Lyne, who took charge in November after a stint at ABC, where she cultivated Desperate Housewives, is upbeat. "Our ability to get back onto television in September is only because Martha is free to focus on it," she says. "And TV is a huge driver for all our businesses."
That said, Stewart's garden needs serious tending. With advice from ex-music executive Charles Koppelman, who joined the board after helping Michael Jackson and shoe designer Steve Madden out of financial and legal jams, Stewart is about to put her image -- and her brand -- to the test.
Turning Things Around
Among the problems affecting MSLO's portfolio:
Magazines: Readers lost interest in her flagship publication, Martha Stewart Living, as rival publications such as O, The Oprah Magazine came on strong. In January 2004, Living cut its rate base, or the circulation it promises advertisers it can deliver, by 18% to 1.8 million. Total ad revenue fell nearly 56% in 2004, to about $72 million. The magazine division's publisher, Suzanne Sobel, resigned this week to pursue unnamed opportunities.
But Lyne told analysts that the magazine "will see positive (ad) page growth and revenue growth in the second quarter," reversing a more than two-year downward trend.
Stewart herself will try to win back her fans by appearing more prominently in the magazine. She'll revive her "Ask Martha" column and introduce a how-to feature that tells readers how to handle different home projects.
And that, Lyne says, will help the company to "reintroduce the magazine to advertisers. It's a great magazine. I'd put it up against any magazine on the newsstand."
The company also is encouraged by the performance of its newest publication, Everyday Food. Though it is still losing money, its guaranteed circulation will hit 850,000 in July, up from 500,000 last year, and ad sales are rising. It's unclear, though, how much Stewart will be able to help a magazine that does not bear her name or image.
Television: There seems to be nowhere to go but up since the company's syndicated daily TV show left the air in September.
Stewart's new show has been picked up by stations that collectively reach about 85% of all viewers. Some of them may see Stewart as a potential replacement for Jane Pauley's struggling talk show.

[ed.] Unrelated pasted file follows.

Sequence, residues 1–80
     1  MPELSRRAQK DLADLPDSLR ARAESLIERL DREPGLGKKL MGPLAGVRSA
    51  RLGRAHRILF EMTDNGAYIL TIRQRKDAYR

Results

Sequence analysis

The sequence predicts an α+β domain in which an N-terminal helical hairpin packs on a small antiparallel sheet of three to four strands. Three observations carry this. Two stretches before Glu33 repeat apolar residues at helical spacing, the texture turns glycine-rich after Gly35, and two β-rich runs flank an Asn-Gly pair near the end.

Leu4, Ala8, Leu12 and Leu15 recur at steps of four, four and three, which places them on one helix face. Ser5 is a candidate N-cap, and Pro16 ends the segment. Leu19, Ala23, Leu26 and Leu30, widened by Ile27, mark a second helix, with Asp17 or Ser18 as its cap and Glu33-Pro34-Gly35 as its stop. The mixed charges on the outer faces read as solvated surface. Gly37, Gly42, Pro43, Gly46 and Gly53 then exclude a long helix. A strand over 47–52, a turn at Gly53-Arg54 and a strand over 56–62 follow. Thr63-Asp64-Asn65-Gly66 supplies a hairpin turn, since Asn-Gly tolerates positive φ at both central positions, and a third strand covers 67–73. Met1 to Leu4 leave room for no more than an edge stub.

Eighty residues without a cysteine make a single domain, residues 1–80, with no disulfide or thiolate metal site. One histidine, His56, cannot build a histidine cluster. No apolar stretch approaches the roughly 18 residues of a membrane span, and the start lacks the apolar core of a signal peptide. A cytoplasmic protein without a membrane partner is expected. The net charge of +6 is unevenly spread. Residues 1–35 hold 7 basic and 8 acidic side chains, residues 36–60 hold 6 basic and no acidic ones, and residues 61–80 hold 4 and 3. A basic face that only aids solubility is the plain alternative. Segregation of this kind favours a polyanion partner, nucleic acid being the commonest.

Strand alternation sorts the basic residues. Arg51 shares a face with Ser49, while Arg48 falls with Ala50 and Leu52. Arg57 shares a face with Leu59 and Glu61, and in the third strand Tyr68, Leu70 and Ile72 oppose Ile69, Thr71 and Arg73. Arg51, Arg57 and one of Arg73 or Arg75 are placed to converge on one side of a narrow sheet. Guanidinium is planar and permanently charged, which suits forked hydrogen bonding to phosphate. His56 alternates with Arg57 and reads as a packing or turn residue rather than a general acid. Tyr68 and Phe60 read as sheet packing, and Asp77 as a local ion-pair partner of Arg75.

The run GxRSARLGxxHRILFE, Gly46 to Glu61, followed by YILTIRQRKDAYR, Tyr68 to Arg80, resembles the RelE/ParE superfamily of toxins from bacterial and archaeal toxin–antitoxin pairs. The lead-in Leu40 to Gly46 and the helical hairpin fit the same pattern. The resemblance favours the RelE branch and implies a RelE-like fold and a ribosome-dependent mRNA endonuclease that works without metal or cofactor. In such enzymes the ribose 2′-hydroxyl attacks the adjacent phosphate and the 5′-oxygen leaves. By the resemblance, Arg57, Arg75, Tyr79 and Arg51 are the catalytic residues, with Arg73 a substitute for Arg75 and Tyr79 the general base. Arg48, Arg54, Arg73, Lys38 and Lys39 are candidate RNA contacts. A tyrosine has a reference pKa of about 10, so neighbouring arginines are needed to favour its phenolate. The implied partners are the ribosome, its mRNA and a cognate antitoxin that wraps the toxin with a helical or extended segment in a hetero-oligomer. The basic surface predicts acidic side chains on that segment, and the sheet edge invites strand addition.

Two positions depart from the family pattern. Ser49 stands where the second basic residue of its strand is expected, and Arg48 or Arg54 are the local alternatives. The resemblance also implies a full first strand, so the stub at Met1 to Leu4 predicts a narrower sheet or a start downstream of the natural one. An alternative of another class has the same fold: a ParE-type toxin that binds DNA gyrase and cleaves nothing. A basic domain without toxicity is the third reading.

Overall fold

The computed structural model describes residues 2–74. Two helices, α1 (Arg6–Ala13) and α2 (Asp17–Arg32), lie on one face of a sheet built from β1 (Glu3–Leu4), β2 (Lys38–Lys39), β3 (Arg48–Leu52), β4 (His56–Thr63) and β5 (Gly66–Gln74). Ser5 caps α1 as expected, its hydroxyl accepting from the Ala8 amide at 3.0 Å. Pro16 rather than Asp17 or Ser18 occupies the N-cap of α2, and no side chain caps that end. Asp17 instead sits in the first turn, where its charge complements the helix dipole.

But some analysts are skeptical that Stewart will fare much better. Her show will run mostly in the late morning or early afternoon periods when relatively few people watch TV. As a result, the company "probably isn't going to make enough to have it pay off the first year," says McAlpine Associates analyst Dennis McAlpine. "This doesn't sound like a big winner."
He also notes that the company at large will not profit from The Apprentice: Martha Stewart. Stewart was hired to appear on the program, which will be produced by Burnett, NBC and Trump.
But Lyne says the syndicated show will be a success. Indeed, the license fees that local TV stations are paying for it "are about double the highest license fees we got for the old show." And The Apprentice "is a 16-week opportunity to showcase everything we create."
Home Goods: There's trouble in merchandise. The line of Martha Stewart Everyday goods, including sheets, gardening tools, kitchen utensils, paints, candles and artificial Christmas trees, is sold primarily at Kmart. At stores selling Stewart goods for at least a year, sales fell 5.9% in 2004 -- a year in which Kmart cut back on promotions and discounts while it sorted through its own financial problems.
Lyne says she's hopeful that things will improve once Kmart completes its planned merger with Sears. The retailer may decide to offer Stewart-branded merchandise in Sears stores as well as Kmart.
Yet here, too, McAlpine's doubtful. After the merger, the retailer probably will close several stores.
Comeback 'Hers To Screw Up'
Stewart's efforts to revive her company may be complicated by her negotiations with the Securities and Exchange Commission, which filed a civil suit charging her with securities fraud. If the SEC wins, Stewart could be prevented from reclaiming the CEO job, though both sides are discussing a deal that might let her return.